The new owners of the former home of Randy’s Record Shop in Gallatin say they are willing to work with a group of local residents that want to save the building from demolition.
The property at 321-331 West Main Street, which also includes a vacant attached building and separate building being leased by Howard’s Vitamin Store, was sold at auction Thursday to local businessman and At-Large Councilman-elect Steve Fann and local real-estate investor Michelle Haynes, who partnered to purchase the property for $56,000.
Both Fann and Haynes said following the auction that they have no immediate plans for the property. However, they are open to trying to save the building from demolition after its roof was discovered to have collapsed earlier this year.
“Personally, I have a lot invested in the history and I like the history,” Haynes added. “I have for years wanted the city to buy it and do something with it, but… there is a lot involved.”
The sale, which includes a five percent buyer’s premium added to the price, has until Dec. 17 to be finalized.
Started by music business entrepreneur Randy Wood in 1944, Randy’s Record Shop was originally located on North Water Avenue in downtown Gallatin before later moving to its final location on West Main Street. The store would eventually grow to become the world’s largest mail-order record business of its time with approximately 500,000 records sold annually, according to the New York Times.
The building, which is located on property in a flood plain, has been declared dangerous by the Gallatin City Council and must either be repaired to a safe condition or demolished, according to an Oct. 31 letter from Chuck Stuart, Gallatin’s building official. City leaders chose last month to further delay moving forward with demolition proceedings by 60 days after work was done to help secure the site following a roof collapse that was reported July 18.
Formed in September, the Historic Randy’s Record Shop Foundation hopes to save the building and turn the space into a museum and functioning record shop that would be a tourist destination honoring Wood, who also founded Dot Records in the 1940’s.
City leaders were presented with a conceptual plan of action to preserve the building in August, which included restoring the front of the building to its original look, adding a new pre-engineered steel frame inside the existing structure and adding a replica of the shop’s original neon sign outside. The inside of the building would also be decorated based on a late 1950’s or early 1960’s theme.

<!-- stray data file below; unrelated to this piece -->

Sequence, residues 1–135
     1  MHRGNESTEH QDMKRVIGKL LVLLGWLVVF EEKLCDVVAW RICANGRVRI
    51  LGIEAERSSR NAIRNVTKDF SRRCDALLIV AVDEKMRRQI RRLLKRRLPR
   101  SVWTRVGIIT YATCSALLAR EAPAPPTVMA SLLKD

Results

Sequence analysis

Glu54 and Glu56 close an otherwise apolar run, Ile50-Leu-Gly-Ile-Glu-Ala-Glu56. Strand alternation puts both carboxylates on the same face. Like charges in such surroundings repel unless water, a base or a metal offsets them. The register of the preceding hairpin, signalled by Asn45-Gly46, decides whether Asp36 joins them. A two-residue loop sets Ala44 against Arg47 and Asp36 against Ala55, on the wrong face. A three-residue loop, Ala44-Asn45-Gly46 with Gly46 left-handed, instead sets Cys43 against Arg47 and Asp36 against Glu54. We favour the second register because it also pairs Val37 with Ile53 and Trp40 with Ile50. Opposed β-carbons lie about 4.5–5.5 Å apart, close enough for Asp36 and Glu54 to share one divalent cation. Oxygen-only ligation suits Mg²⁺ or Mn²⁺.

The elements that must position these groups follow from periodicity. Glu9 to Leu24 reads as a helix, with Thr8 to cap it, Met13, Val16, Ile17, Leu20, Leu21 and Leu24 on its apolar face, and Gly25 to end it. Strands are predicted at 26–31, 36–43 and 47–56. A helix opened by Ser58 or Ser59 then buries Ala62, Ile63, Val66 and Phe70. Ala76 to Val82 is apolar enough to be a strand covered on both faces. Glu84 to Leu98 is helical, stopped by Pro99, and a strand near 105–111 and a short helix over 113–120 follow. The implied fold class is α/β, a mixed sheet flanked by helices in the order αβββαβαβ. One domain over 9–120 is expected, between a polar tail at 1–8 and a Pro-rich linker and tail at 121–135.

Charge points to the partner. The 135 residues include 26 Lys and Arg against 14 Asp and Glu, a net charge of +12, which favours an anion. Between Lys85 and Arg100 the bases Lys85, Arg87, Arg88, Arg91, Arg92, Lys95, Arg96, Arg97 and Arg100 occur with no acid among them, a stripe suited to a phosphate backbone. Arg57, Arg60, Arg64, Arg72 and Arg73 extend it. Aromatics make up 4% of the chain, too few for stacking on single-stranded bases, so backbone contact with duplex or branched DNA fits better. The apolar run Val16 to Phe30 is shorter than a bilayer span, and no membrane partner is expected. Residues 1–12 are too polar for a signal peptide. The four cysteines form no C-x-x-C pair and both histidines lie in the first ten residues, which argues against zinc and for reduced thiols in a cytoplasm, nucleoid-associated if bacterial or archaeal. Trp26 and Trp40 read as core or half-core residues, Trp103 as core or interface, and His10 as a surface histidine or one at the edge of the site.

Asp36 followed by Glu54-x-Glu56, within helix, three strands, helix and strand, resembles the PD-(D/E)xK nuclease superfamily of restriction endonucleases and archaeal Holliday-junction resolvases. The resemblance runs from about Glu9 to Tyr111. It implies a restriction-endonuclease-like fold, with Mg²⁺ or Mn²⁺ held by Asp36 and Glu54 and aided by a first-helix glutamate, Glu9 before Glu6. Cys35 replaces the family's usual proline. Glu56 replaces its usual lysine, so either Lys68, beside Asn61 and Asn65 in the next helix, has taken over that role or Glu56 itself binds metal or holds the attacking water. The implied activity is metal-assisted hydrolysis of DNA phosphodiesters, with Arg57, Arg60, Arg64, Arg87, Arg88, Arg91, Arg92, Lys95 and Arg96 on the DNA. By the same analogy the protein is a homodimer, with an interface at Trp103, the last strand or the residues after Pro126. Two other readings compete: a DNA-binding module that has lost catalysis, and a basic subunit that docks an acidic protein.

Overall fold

“We’ve got some people willing to work with us now that have bought the building and we’re going to move ahead with making everything work,” said Shannon Rogers who is part of the group. “The new owners have already told us they want us to handle the fixing of (the building) ourselves and we will do that.
“We’ve got enough pledges at this time that we think we can move ahead and move ahead quickly.”
Due to the low auction price, Rogers added that the foundation hopes to be able to purchase the property from its new owners “rather quickly” – possibly sometime in early 2019.
The Randy’s Record Shop site is “one of the most important” locations in the musical history of the region, according to Gregory Reish, director of the Center for Popular Music at Middle Tennessee State University.
“The impact of Mr. Wood’s endeavors and of Dot as a label are almost immeasurable, helping establish Middle Tennessee as an epicenter of the American popular music industry in the postwar years and launching the careers of numerous country, bluegrass, rock ‘n’ roll, gospel, blues, ragtime and pop artists,” Reish wrote in a letter dated Aug. 14.
The Gallatin City Council is expected to discuss whether to grant additional time to save the former Randy’s Record Shop building sometime before the current 60-day extension’s deadline of Dec 16.
If city leaders choose not to grant additional time to save the building, a new order would need to be issued informing the property owners of when they need to have the building demolished by, Gallatin City Attorney Susan High-McAuley said in September. If the work was not completed in time, the city would then move forward with demolishing the building itself.